Several legislators say they approve of direct talks between reformists and principlists, as the idea floated in political circles after the May reelection of President Hassan Rouhani is gaining traction.
Lawmaker Abdolreza Hashemzaei said frank and serious discussions between the two groups in Iranian politics will greatly help promote national interests, as such talks will allow them to clear up mutual misunderstandings and achieve consensus on common principles.
“Fundamental disagreements between principlist and reformist factions must not pose problems for advancing national interests,” he told ICANA.
Principlists are staunch believers in the ideological foundations of the 1979 Islamic Revolution, while reformists advocate gradual economic and social changes within the existing system.
Reformists enjoy a high voter base in metropolitan areas and among the middle classes, while principlists have their powerbase among more traditional sections of the nation and in small towns.
Hashemzaei said the two blocs should avoid sacrificing Iran’s economic development to win partisan votes.
“Principlists and reformists who have come closer to the center [of the political spectrum] in recent years ought to engage in dialogue to reach a shared definition of national interests, foreign policy, national security and other issues that impact economic development,” he said.
The reelection of the reformist-leaning Rouhani, seen as the latest in a string of electoral victories for reformists, was the most overwhelming evidence suggesting the bloc has regained its national status.
The reformist bloc staged a dramatic comeback to the political scene in 2013, when their support for Rouhani was seen as indispensable to the pragmatic cleric’s successful electoral bid.
Since then, reformists have made impressive showings in nearly all elections, aided by the lackluster performance of Rouhani’s predecessor whose tenure was mired in deep controversy.
The reformist victories came after being on the sideline for years, since what they describe as attempts by his principlist allies to use their authority to do away with the reformist camp, using as an excuse objections to the 2009 election results that led to sporadic street protests.
But principlists are not the only side who stands accused of attempting to get rid of political rivals.
Principlists say extremists inside the reformist camp were seeking to drive them out of politics after their bloc came to power in the 1997 presidential election.
Supporters of reformist-principlist talks argue that the lack of dialogue is to blame for attempts at eliminating the rivals and many other problems.
They believe the political infighting erupting in the wake of the Nov. 12 earthquake in Iran’s western province of Kermanshah was the latest evidence how partisan hostility and sniping create unnecessary conflicts, making it only harder to handle crises.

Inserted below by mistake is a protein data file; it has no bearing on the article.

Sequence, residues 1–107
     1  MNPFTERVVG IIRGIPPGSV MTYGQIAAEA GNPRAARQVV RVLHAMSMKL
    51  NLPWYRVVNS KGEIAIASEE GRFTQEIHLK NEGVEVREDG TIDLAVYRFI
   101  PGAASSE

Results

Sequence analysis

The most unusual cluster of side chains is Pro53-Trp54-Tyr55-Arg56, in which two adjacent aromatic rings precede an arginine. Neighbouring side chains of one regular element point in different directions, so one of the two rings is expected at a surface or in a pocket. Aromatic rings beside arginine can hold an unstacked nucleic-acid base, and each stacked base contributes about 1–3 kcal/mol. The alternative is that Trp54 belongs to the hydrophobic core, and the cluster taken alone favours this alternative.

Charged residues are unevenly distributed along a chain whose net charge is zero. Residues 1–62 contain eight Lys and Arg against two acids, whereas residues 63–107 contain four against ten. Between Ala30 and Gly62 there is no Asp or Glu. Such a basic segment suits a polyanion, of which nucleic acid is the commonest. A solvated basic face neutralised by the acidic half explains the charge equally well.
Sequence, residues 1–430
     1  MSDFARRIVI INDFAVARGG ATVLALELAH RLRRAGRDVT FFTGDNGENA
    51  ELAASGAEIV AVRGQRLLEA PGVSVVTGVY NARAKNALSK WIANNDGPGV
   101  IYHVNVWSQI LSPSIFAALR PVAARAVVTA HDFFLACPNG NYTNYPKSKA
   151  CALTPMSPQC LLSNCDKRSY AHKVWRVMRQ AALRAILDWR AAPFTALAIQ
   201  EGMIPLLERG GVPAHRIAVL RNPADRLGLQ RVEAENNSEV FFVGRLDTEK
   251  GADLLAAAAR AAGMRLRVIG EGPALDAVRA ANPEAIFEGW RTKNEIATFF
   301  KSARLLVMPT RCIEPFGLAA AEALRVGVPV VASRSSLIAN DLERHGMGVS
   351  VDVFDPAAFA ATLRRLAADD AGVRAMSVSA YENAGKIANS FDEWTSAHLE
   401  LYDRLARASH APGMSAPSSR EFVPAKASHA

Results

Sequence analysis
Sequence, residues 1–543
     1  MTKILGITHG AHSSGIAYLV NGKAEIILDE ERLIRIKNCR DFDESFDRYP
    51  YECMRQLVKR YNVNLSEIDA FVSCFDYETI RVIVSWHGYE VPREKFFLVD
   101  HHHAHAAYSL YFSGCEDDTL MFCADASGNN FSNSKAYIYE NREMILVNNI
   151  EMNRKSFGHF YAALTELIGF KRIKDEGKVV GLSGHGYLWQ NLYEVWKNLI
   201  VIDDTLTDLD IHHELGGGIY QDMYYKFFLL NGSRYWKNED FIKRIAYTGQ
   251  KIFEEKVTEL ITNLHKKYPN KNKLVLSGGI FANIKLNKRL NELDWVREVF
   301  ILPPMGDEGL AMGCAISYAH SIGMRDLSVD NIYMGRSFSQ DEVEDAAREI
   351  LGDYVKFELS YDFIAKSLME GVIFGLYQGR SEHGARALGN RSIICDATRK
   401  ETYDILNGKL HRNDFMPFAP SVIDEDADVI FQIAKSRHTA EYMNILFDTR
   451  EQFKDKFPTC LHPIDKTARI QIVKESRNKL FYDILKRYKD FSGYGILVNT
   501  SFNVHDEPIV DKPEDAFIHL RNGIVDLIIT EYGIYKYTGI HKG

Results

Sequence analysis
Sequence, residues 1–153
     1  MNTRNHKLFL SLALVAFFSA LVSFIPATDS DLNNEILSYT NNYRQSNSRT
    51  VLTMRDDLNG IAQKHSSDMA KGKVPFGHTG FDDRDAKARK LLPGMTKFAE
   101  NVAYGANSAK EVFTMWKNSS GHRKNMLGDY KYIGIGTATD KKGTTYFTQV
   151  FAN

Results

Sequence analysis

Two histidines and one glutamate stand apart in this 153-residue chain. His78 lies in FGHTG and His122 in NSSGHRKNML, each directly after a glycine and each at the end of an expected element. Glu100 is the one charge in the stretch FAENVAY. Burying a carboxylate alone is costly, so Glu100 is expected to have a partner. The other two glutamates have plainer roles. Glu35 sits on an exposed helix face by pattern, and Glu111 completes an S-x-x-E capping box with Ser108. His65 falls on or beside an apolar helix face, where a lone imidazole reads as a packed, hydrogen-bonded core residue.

In the aftermath of the quake, government backers blamed state-built houses constructed under the previous principlist administration for the high number of casualties, while principlist politicians criticized the government-led relief effort after the quake for being too slow.
The quake controversy prompted more and more figures to support reformist-principlist talks, arguing that dialogue-based settlement of differences between political groups would help the government overcome several challenges it faces inside and outside the country.
Lawmaker Qasem Mirzaei Nekou said he is pleased that prominent political figures are lending support to advocates of direct talks, as he believes this is the only way to end a myriad of misunderstandings.
“The ground is now prepared for national dialogue … as many principlist and reformist figures have moderated their positions compared to recent years,” he told ICANA on Friday.
“All those who are concerned about the country’s difficult conditions, including issues such as [low] investment, [international] sanctions, JCPOA and internal problems such as social ills need to enter into dialogue,” he said, using an abbreviation that stands for the Joint Comprehensive Plan of Action, the formal name of the 2015 landmark nuclear pact.
The highly antagonistic stance of US President Donald Trump against Iran, evidenced by American officials openly advocating regime change in Iran and Washington struggling to ditch the 2015 nuclear deal, has stepped up calls for reconciliation that allows greater unity against foreign threats. Mahmoud Sadeqi, another lawmaker, said although the two camps have key sticking points, they have strong similarities that could provide the base for talks.
The MP said reformists and principlists would do well to replace hostility with friendly rivalry.
“Reformists and principlists could open talks over how to reach goals both of them pursue, like fighting corruption,” he said.